This is my Moonlighting column, published in the October 9 issue of MidWeek.
Serious question: Are we as a country too polarized to hope for a day when we can all—to paraphrase Rodney King—just get along? Are we marked with permanent ink-- either red or blue? Have we lost the ability and the will to make peace? Are we just going to endure battling each other until everyone’s crushed and defeated?
I’m not even talking about physical fisticuffs or any sort of violence, although white supremacist violence IS on the rise.
The battles I’m talking about are in the ways we see each other and communicate. Is it still possible to go to the mat for a point of view you believe in without trying to obliterate the person with whom you disagree?
Here’s why I’m asking—a sample of some emails I’ve received lately:
“You are a victim of group think and political correctness.”
“You’re a racist. Mentioning that you hate white men in your article proves it.”
“You are a helper, and a bed-wench for the white supremacists.”
“Who cares what you think. You are not a mover or shaker. Just an unfair commenter.”
They are folks on the extreme right AND extreme left. And I can safely bet that most public figures—or at least those who delve into politics—receive similar missives of hate, accusations and ignorance quite frequently.
For the record, I’ve never said I “hate white men.”
I’m not a “bed wench for the white supremacists.” (Okay, this did make me laugh out loud)
I’m not sure why a writer lumps belief in science as “political correctness.”
And I can sympathize with the person who doesn’t care what I think. I’m NOT a mover or shaker. Just a columnist.
Folks, I try to answer all my emails and responses to columns, whether the writer agrees with me or not. I enjoy a good conversation.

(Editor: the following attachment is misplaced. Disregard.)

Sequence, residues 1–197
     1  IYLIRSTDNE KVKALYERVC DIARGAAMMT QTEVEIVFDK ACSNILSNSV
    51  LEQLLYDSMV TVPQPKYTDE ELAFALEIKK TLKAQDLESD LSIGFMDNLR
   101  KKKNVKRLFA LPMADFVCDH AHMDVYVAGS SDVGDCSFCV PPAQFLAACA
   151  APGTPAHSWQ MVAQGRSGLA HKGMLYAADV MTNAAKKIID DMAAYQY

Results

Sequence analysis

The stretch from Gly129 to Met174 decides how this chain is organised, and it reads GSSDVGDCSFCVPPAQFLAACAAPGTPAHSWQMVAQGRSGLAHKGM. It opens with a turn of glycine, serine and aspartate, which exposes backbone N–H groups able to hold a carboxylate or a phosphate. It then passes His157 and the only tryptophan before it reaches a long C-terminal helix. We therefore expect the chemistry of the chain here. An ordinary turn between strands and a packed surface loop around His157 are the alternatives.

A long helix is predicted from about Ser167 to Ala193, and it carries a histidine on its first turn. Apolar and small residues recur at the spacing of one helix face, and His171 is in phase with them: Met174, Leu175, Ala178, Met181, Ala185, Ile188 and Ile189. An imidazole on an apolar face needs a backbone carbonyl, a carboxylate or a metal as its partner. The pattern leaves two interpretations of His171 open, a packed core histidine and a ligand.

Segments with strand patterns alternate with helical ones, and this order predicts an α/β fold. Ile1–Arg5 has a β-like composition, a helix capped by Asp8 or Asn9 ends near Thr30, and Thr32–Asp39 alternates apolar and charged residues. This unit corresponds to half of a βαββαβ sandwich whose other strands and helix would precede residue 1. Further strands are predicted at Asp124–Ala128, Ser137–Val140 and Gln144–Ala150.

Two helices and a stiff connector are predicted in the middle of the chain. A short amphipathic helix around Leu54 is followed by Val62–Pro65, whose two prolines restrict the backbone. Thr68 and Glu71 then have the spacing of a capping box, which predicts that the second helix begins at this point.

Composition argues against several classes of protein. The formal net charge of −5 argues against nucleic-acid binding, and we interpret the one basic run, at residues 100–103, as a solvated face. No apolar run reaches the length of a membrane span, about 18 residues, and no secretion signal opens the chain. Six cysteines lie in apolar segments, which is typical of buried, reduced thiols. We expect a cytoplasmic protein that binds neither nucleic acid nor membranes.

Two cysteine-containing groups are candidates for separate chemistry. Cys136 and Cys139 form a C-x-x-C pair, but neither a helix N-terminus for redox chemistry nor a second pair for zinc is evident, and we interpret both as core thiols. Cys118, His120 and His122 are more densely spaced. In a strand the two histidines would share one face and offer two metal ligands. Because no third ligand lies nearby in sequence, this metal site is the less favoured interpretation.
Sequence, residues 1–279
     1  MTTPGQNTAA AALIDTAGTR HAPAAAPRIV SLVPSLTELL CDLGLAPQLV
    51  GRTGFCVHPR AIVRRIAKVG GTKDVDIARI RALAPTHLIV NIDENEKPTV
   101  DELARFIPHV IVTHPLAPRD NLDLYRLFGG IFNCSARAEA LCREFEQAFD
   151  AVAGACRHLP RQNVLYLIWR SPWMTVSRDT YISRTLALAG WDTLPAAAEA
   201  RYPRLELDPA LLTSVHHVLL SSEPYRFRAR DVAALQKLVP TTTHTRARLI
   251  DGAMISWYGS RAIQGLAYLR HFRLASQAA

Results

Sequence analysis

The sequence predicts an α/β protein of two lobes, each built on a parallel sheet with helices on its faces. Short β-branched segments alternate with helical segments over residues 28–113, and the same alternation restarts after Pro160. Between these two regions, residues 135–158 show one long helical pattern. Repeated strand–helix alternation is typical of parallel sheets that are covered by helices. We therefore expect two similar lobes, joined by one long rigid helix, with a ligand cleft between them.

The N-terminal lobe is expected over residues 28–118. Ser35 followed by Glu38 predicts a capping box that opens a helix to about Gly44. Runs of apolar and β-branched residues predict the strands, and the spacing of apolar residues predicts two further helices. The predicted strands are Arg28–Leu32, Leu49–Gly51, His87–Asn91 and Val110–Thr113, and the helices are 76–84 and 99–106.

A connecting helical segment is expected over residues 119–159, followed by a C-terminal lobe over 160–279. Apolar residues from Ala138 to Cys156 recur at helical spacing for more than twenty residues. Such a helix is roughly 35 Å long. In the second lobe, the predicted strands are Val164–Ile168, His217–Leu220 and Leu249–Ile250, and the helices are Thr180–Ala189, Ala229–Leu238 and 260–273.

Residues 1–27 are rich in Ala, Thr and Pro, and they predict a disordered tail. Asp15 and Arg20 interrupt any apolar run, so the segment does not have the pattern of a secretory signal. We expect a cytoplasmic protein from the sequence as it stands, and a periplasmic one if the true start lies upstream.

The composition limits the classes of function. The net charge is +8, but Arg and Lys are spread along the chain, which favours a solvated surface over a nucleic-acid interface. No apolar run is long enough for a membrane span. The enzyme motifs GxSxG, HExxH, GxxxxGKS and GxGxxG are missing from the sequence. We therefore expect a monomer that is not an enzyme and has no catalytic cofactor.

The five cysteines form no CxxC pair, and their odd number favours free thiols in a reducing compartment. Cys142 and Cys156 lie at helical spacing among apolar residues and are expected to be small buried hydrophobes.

Where I draw the line is if the person insults, gets personal, or just makes things up. And if they try to push conspiracies, lies and blatantly partisan and unreliable articles, Internet sites and/or videos, I tend to file them away in the “junk” folder.
I blame the Internet. Before the Internet, how often did people insult and verbally attack each other? A lot less, I believe, than they do now, because you had to confront people personally, or over the telephone, or in a letter. Can you imagine telling someone to their face that they are the “bed wench for the white supremacists?”
I can’t either.
I’m not complaining. I’m in the public eye and I write an opinion column. I know people will either agree with me or they’ll disagree—oftentimes vehemently.
But I do mourn the loss of civility in our society. I am afraid that our divisive wounds may become too extreme to heal. I feel the art of listening—really listening—is dying, along with our common sense and the ability to “agree to disagree” when our differences seem insurmountable.
We, collectively, need a healer, stat.